China's past, present, and future food economy: can China continue to meet the challenges? uri icon

abstract

  • This paper synthesizes the main findings and highlights the insights of six articles that examine how China has managed its agricultural resources in the past, how agriculture is performing at present, and what challenges lie ahead as the country seeks to meet the food needs of its growing population, It provides common threads of empirical evidence on China's agricultural growth, describing its interrelationships with institutions, development policies and environmental degradation, and examines the sensitivity of China's trade balances and world prices to environmental and growth outcomes, using six income growth and resource degradation scenarios, This paper notes that, hampered by chronic fiscal problems and restrictions that will be imposed when it joins the World Trade Organization, China can meet its food supply goals by increasing reliance on international markets, establishing stable trading relationships with the rest of the world, and by exploiting its agricultural comparative advantage, However, the most likely scenario is for China to continue producing most of its own food while gradually increasing food imports without exerting severe upward pressure on the world markets, The paper concludes that China needs to prioritize investments in agricultural research for new technologies raising agricultural productivity, and mitigating rural environmental problems. (C) 1997 Published by Elsevier Science Ltd.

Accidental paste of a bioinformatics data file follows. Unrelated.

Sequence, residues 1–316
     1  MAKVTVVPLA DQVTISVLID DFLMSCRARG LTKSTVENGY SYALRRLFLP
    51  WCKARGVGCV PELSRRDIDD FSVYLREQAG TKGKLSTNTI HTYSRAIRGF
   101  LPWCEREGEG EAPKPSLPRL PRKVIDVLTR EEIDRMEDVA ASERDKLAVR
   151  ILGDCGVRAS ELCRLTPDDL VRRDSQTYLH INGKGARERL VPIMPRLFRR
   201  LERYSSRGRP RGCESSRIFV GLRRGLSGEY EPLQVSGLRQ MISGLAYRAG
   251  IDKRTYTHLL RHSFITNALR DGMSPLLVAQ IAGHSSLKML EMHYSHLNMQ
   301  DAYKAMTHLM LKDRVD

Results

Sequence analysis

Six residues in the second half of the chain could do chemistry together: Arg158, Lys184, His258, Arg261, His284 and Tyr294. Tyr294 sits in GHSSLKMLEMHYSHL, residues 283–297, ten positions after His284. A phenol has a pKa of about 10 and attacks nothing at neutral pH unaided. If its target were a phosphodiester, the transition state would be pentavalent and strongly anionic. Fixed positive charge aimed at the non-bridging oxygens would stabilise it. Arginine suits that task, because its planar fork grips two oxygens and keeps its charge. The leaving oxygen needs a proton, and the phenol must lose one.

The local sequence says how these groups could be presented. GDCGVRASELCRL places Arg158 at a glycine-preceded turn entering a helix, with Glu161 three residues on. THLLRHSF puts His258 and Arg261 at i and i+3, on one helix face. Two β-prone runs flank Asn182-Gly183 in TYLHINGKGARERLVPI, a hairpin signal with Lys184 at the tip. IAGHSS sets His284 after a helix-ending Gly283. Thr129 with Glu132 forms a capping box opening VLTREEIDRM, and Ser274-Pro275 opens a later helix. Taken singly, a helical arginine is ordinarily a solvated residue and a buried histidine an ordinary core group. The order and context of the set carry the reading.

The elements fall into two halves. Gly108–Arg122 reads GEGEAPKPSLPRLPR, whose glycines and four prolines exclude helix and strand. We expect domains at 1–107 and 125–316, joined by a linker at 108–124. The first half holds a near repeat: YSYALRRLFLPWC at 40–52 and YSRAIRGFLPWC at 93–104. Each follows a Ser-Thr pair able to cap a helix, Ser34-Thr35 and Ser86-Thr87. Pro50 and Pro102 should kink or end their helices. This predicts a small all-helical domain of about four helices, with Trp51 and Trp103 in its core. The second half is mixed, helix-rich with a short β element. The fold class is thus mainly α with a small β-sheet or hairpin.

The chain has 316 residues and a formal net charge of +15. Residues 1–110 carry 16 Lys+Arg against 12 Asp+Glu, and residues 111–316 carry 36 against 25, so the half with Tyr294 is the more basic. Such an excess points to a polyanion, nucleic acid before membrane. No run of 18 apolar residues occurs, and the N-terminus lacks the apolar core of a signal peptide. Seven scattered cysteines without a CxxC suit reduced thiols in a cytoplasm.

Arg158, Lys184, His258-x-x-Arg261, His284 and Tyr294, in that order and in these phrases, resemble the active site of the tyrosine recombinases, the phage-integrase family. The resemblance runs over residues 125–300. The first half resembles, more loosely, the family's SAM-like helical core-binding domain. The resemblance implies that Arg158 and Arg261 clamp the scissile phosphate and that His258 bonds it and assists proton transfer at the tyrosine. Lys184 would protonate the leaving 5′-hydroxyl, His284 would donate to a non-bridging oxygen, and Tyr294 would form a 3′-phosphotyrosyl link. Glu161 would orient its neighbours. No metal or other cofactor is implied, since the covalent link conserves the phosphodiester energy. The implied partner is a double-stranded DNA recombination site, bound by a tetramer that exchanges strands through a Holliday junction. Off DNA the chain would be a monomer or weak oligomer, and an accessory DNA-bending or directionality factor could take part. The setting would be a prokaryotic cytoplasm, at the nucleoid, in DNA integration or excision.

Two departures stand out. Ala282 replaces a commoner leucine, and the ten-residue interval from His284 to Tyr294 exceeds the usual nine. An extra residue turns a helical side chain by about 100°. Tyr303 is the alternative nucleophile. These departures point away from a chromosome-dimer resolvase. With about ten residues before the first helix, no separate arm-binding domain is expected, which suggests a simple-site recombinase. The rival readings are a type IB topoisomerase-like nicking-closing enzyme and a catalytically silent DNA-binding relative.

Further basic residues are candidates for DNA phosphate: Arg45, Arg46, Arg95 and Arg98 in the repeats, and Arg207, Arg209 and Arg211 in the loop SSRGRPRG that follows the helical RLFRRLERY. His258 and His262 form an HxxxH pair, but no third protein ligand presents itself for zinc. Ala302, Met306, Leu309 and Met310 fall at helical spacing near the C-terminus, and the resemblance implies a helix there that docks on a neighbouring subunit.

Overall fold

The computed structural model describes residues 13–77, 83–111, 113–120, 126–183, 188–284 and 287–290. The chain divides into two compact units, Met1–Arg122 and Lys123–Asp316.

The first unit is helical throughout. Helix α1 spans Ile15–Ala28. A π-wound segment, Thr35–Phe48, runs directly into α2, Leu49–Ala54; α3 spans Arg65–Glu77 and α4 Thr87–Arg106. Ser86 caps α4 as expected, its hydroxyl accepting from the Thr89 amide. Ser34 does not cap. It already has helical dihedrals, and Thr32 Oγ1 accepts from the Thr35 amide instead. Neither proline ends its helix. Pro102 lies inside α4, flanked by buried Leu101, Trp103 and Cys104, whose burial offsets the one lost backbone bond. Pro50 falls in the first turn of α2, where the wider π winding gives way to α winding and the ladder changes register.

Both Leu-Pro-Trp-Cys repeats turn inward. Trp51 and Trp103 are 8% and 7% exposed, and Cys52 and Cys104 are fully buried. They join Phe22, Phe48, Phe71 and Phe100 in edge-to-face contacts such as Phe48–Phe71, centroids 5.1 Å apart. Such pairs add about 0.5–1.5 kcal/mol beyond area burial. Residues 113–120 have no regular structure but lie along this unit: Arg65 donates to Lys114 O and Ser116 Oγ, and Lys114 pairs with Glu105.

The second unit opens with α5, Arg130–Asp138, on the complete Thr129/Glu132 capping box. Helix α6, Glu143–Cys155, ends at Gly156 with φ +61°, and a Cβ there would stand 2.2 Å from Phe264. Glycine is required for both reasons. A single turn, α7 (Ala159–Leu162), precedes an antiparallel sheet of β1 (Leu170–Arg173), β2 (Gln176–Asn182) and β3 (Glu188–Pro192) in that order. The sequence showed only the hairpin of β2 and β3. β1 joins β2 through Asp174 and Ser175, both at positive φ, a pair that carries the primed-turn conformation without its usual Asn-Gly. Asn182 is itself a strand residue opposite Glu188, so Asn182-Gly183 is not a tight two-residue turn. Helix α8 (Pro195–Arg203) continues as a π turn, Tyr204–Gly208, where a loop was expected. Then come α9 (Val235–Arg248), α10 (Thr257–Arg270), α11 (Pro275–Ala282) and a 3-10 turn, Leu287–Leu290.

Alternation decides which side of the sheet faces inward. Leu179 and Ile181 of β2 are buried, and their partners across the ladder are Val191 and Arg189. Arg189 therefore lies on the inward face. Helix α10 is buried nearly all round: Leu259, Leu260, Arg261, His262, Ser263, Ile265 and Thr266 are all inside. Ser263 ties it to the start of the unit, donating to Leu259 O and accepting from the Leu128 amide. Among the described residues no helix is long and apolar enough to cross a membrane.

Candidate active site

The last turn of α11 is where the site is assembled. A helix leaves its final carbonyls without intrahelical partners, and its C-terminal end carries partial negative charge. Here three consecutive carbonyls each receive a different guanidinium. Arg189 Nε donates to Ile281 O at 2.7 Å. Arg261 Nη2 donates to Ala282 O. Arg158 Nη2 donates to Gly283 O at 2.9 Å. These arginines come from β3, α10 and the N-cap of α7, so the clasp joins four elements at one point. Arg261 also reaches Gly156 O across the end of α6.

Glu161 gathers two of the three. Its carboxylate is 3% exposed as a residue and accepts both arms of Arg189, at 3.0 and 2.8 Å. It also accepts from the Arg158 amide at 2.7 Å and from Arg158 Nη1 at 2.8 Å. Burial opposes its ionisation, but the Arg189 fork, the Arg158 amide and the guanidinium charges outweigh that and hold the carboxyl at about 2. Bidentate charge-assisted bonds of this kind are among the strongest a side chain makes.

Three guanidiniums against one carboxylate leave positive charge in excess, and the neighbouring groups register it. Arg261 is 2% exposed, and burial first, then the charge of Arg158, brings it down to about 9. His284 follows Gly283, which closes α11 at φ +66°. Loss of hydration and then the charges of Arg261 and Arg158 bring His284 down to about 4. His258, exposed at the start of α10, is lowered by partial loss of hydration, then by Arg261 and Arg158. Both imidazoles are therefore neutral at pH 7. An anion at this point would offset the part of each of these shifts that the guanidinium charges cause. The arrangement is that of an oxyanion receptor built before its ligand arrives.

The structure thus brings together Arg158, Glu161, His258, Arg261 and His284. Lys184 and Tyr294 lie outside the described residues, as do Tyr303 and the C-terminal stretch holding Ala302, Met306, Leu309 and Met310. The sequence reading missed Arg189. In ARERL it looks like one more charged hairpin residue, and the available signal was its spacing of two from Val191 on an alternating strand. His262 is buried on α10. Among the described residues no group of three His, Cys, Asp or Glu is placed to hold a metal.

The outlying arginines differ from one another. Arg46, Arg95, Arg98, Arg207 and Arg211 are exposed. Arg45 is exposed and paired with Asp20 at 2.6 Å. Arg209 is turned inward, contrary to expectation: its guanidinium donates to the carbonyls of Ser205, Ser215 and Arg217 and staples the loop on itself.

publication date

  • 1997
  • 1997